Dwelling under these conditions is not for the faint of heart and as I did my damnedest to acclimate, Charles Crawford, who was now being referred to as Farmer Chuck, was fighting his own battles . . .

Like what you’ve read? Check out part three here.

Stacy Santini is a freelance reporter for Times Beacon Record Newspapers. Look for her adventures at Owen Farm in Hopkinton, New Hampshire, and Patch Farm in Denmark, Maine, in the next two issues of Arts & Lifestyles.

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Stacy Santini holds a newborn lamb in the sheep shelter at Owen Farm, Hopkinton, N.H. Photo by Camille Horace

By Stacy Santini

This is the first in a four-part series.

I started WWOOFing this past spring, and no, I do not mean I acquired a new pastime of barking like a dog. I joined a movement that is gaining worldwide momentum and, in some way, is a reminder of the days when joining the Peace Corps was all the rage. I walked through my fear; left my home, family and friends, and entered the world of farming in rural New England. Along with my little dog, Charles Crawford, I boarded the Port Jefferson ferry, kissed suburbia goodbye for several months and embraced a self-imposed challenge that would change me, my value system and perceptions about the world forever.

WWOOF-USA is an entity that gives people the opportunity to work and live on farms throughout the United States and is rapidly injecting awareness into our culture about sustainable living and helping our nation rid itself of an extremely self-entitled and wasteful mindset. One of their key goals is to integrate farming, food, culture and environment.

The WWOOF program began in the United Kingdom in 1971, by Sue Coppard ,under the name “Working Weekends on Organic Farms,” as an opportunity for London city dwellers to experience the growing organic farming evolution in the countryside. Her idea blew wind onto a smoldering brush fire, and today, WWOOF programs, currently known as “Worldwide Opportunities on Organic Farms,” has expanded to more than 100 countries, each acting independently.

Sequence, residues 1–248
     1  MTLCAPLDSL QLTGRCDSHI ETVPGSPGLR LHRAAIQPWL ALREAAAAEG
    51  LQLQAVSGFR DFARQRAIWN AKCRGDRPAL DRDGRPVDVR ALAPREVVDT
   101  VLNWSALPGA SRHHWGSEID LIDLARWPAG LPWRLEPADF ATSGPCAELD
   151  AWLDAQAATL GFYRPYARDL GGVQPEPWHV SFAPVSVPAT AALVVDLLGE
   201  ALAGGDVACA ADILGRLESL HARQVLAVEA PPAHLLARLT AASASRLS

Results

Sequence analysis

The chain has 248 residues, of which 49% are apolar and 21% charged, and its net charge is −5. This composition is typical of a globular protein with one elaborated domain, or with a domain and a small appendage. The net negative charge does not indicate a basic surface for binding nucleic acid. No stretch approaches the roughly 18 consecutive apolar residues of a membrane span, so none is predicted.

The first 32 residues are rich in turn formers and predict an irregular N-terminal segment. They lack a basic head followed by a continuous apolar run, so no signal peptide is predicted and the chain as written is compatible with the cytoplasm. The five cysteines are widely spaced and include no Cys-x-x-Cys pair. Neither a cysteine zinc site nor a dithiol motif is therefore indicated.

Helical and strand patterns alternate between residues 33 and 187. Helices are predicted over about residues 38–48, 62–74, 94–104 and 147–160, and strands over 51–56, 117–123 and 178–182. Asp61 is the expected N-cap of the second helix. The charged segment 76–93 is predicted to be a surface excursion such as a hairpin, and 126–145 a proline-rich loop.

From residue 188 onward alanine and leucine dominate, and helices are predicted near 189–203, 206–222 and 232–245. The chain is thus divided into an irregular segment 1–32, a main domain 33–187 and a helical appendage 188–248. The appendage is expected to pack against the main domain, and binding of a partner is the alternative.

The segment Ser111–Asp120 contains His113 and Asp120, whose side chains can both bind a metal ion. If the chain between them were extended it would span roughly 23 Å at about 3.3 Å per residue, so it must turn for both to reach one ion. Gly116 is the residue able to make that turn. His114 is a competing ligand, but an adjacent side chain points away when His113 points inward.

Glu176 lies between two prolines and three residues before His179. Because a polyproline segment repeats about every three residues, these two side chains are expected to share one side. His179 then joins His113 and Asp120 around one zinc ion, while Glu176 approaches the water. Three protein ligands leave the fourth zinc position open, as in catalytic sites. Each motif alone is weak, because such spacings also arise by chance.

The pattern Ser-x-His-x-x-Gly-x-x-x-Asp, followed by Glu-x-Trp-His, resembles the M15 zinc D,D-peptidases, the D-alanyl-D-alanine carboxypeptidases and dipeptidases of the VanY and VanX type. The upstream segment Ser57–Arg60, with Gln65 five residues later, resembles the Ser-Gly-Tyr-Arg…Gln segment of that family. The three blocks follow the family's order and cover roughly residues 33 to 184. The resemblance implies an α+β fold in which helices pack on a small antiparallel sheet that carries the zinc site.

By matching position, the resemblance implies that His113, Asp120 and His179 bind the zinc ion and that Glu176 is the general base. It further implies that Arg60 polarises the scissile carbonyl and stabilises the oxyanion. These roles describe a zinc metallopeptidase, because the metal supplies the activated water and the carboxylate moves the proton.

Becoming a WWOOFer is rather simple. One registers online and then arranges their stay with a host family. The website is extremely user friendly and feedback from other WWOOFer’s is inclusive. A prospective WWOOFer’s key task is to identify exactly what type of experience they wish to have, whether it is comprehensive organic farming, working with animals or beekeeping, and of course what part of the world they wish to have this experience in.

The riptide that was my final motivation to embark on this journey was sudden, but the ebb and flow of the currents encouraging me to have this experience were occurring for years.

As a music lover and journalist, I have the privilege of witnessing some of the most creative music being produced. As a result of being a part of the Grateful Dead community for as far back as I can remember, I have had the opportunity to be exposed to bluegrass and roots genres. In recent years, I can, without reservation, say that I have become a dedicated fan of bands like The Infamous Stringdusters, Greensky Bluegrass, Carolina Chocolate Drops and my ultimate favorite, Railroad Earth.

This affinity has lend itself to meeting some of the most down-to-earth, creative and impassioned people in the country. Coming from all walks in life, I found that there was a common denominator, a thread that linked them all together — their love for the earth and their desire to experience nature in the here-and-now.

One such couple’s adventures, Melanie and Matt, whom I now count among my closest friends, became the template for my expedition.

I started to pay close attention to their travels, observed them via social media, living and WWOOFing off the grid in Kodiak, Alaska. I admired their tenacity as they boated amongst whales, built greenhouses and preserved fruit. They were standing in the middle of their dreams and living with freedom and purpose. Their return to New England to run Tracie’s Community Farm, a small, organic farm in Fitzwilliams, New Hampshire, provoked a visit, and it was here I witnessed firsthand the meaning of “the good life” and how it had been hubristic of me to keep walking down a road to “someday.” I quickly noted that my “someday” had arrived and it was time to step out of my comfort zone and follow in their footsteps.

And so my Thoreau-like journey commenced. I started to hike with the Adirondack Mountain Club in the Catskills and began my planning to become a WWOOFer.